2023 MLB draft: Day 1 winners and losers, top still available

The first day of the MLB draft is over! And members of one of the most stressed classes in recent draft history now have a new home. The Pittsburgh Pirates picked Paul Skenes, universally acknowledged as one of the best picks in his class, for first overall, and his LSU teammate Dylan Crews trailed the Washington Nationals for second. But we got plenty of surprising picks starting at #3 in the top two Round.

ESPN baseball insiders Alden Gonzalez, Jesse Rogers and Dave Schoenfield share their favorite and most amazing plays from the first night of the draft, as well as their picks of the players who will bring the most to their teams over the long term. And Kiley McDaniel reveals his best available names for the next 18 rounds, which continue on Monday and Tuesday.

There were three clear favorites at the top of this draft – did the Pirates make the right decision in drafting Paul Skenes?

gonzalez I’m a little surprised, both by some of the recent rumors linking them to Florida outfielder Wyatt Langford and by the turnover rate among pitchers in general – but I think they made the right choice. The draft is the best, and perhaps only, chance for an organization like the Pirates to get an arm of this caliber, and in hindsight it would have been foolish not to have the combination of winning the No. 1 overall pick in the lottery and they have one of the best pitching prospects available this century. As we all know by now, Skenes’ material is gross, but he also has the athleticism and work ethic to execute it at the highest level. His workload was also relatively light. Pitchers can often be a crapshoot, but that’s the safest thing in this position.

Rogers: Yes they have. Some organizations don’t like putting pitchers that high considering the risk of injury, but Skenes isn’t exactly an unproven candidate who will need years of experience while the Pirates hold their breath to keep him sane. More importantly, where else will Pittsburgh find an ace if not in the draft? In the end, that might have been a matter of course.

Schoenfield: OK, here’s the short list of the best college pitchers of all time: Stephen Strasburg, Mark Prior and Ben McDonald, and now Skenes – with Strasburg and Skenes being the top two. It’s worth noting that Strasburg, Prior and McDonald all found success in the major leagues — and all had injuries that ultimately cut short their careers. But if Strasburg’s career is just a worst-case scenario; Imagine what that is In the best case could be for Skenes. Maybe he’s the next Justin Verlander or Max Scherzer. And as an added bonus, he’s advanced enough to have a legitimate shot at Rookie of the Year by next season, which would give the Pirates a first-round bonus. I think it was the right choice.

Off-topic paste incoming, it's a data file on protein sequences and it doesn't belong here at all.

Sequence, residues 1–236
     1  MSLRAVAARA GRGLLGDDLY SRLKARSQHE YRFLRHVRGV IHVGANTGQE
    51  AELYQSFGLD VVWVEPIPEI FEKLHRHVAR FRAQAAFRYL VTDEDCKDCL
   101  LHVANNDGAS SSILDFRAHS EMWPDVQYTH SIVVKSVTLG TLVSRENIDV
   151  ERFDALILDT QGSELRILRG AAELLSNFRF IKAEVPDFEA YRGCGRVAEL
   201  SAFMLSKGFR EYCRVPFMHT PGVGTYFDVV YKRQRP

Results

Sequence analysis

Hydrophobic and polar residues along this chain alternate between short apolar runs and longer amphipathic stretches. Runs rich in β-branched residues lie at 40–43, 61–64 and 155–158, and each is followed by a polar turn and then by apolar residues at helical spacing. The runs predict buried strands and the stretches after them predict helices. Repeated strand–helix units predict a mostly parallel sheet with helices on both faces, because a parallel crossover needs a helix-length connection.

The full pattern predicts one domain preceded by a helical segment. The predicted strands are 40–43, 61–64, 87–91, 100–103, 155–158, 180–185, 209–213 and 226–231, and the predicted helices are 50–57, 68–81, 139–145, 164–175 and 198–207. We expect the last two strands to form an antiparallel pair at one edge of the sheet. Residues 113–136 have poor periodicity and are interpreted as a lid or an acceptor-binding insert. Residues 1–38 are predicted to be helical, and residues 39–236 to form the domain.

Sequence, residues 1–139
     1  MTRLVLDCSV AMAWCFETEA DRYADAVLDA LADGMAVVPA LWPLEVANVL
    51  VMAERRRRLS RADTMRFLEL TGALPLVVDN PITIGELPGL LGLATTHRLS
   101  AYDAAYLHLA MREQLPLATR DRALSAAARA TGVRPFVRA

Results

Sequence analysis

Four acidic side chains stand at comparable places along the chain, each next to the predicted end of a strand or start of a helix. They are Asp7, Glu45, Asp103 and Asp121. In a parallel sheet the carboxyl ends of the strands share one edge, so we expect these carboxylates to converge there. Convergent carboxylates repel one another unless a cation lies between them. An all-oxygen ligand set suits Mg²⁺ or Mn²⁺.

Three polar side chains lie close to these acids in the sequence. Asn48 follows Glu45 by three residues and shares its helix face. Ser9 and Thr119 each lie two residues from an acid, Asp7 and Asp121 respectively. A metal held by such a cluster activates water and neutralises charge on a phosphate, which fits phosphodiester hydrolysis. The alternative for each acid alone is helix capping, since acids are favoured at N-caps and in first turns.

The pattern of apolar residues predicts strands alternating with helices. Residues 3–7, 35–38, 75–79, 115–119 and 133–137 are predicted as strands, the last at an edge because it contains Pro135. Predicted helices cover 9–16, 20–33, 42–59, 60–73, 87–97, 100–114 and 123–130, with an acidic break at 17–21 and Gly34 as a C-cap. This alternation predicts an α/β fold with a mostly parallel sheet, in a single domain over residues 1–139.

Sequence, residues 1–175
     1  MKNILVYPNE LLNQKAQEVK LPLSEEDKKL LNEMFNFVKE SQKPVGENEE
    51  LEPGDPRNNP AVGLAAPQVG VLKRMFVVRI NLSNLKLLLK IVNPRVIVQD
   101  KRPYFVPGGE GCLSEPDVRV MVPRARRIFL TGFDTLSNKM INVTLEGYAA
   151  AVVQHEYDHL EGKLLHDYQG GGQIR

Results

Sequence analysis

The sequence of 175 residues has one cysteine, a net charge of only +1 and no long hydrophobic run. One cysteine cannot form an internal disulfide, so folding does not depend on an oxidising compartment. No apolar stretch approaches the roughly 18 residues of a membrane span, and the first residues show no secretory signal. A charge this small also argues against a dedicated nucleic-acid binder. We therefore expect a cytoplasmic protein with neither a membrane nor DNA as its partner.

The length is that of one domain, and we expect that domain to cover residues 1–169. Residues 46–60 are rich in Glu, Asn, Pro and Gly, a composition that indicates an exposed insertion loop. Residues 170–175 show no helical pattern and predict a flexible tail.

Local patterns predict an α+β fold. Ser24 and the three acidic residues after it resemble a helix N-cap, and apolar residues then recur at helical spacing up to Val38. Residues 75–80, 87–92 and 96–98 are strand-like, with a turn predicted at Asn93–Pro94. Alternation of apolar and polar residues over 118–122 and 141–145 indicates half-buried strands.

Besides Skenes, what was your favorite track of the night – and which one gave you a headache?

gonzalez I decide on two favorites – one with a high floor and one with a high ceiling. The former is Jacob Gonzalez, who ranked sixth in Kiley McDaniel’s most recent rankings, falling to the Chicago White Sox at number 15. He’s a 1.90m left-handed shortstop who will be good enough defensively to stay in that position and is making lots of contacts. The choice that really intrigues me, however, came right after that, when the Giants signed 6-foot-2, aspiring two-wayer Bryce Eldridge at the age of 16. This fits perfectly.

My headache came a little later — the Los Angeles Dodgers picked undersized high school outfielder Kendall George at number 36, nabbing him two to three rounds earlier than most forecasts were expecting.

Rogers: The Oakland Athletics acquisition of Jacob Wilson was a good thing. He’s ready as Papa Jack (a former major league player) has coached him throughout his young career so far – any rebuild the A’s undertake starts with Wilson as shortstop. He was also college baseball’s toughest player to strike out that season.

The Detroit Tigers, who ceded Langford for high school student Max Clark, were curious. Of course, it’ll be years before we know if it was the right or wrong pick, but it’s surprising that Langford dropped out of the top three — especially since collegiate bats are usually the most reliable picks.

Schoenfield: I think it’s really great that the Tigers chose Clark instead. By all appearances, Clark is a 1-1 talent in another draft – one that wasn’t as high quality as this one – and I think the advantage over Langford is obvious: Clark has a more versatile game thanks to his blistering speed and defense in midfield. That will add a lot of value that Langford, likely limited to an outfield corner, is unlikely to have. Langford has more raw power but give me the complete player.